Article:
The first was caught just three days earlier, weighing 18lbs lighter on another of Phatcat’s 11-hour trips.
On Sunday, the group of six took it in turns to reel the shark in as it did its best to escape, 17 miles from shore.
Mr Thomas said: “I couldn’t believe it when I was told the shark was the biggest caught in Welsh waters.
“It certainly didn’t make it easy for me, taking over five hours to reel it in. I was really tired by the end but it was all worth it.
Thresher sharks are usually solitary creatures who keep themselves to themselves, and can be seen jumping out of the water like a dolphin.
Craig Deans, Phatcat Charters skipper, used a trusted formula of measuring the length and girth of the fish to calculate its weight to record the mammoth catch.
“It was a very unusual catch,” he said.
“Normally when you get a shark, it takes about two hours to reel it in. Its so rare. Its a big thing for a fisherman to catch one.
“It was definitely the best catch and the best day for me. We were all buzzing on the boat. We were like schoolkids. ”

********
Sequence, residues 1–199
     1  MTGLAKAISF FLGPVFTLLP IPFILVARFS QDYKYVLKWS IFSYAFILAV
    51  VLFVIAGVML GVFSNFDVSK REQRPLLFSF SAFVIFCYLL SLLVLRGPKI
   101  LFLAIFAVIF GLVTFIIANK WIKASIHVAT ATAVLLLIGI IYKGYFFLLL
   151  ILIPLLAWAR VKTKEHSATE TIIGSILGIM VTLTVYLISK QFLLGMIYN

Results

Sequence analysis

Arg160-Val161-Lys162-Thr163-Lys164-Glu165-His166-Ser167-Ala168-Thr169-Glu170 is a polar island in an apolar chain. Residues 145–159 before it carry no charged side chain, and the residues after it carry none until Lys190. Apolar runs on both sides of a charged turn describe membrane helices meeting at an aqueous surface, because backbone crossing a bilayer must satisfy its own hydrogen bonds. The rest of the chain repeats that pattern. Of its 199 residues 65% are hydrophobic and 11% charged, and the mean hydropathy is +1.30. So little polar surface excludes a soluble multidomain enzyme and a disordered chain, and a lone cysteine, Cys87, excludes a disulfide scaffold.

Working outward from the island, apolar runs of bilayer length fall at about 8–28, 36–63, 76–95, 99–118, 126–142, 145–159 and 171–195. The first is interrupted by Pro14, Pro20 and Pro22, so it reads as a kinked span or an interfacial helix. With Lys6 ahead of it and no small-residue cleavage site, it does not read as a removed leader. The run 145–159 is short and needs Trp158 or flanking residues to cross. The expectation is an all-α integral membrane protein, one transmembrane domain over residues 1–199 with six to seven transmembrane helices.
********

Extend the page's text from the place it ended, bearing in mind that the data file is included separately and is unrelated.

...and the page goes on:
Mr Deans said Mr Thomas had to let someone else take the reins on the catch after three and a half hours when he became too tired to carry on.
It was he, however, who managed to get the shark onboard in the end.
“It was very unusual to get one and we’ve had two in the same week,” Mr Deans said.
“You see one jumping out of the water now and then but in the angling world, to catch a shark, is a big thing. ”
The skipper, who has been fishing around England and Wales for 25 years, is expecting to see a lot more thresher sharks off the coast of Milford Haven, as commercial fishing of porbeagle sharks has been stopped.
“I just think these fish were getting culled as a by-product as well and it has made a lot of difference where they’ve stopped it,” he said.
“It’s been really good this season already.
“I’ve been shark fishing out there for two or three years now the fishing off Milford Haven is the best in Europe.
Phatcat has a strict catch and release policy when shark fishing to conserve stocks and to treat the animals with respect, so let the shark swim off after recording the find.
Barb-free hooks and a special hook extraction tool ensure the release of the shark is as pain-free as possible.
“He was still full of beans when we got him on the boat,” Mr Deans added.
“There was no damage to the fish and as soon as we put it back in the water, he had plenty of life in him after that.
“It’s been a good week for Welsh anglers, with the record being broken and topped again in the space of three days.
“Wales really is becoming the hotspot for shark fishing, standing up to tough competition from other parts of Europe and this latest catch proves just that.”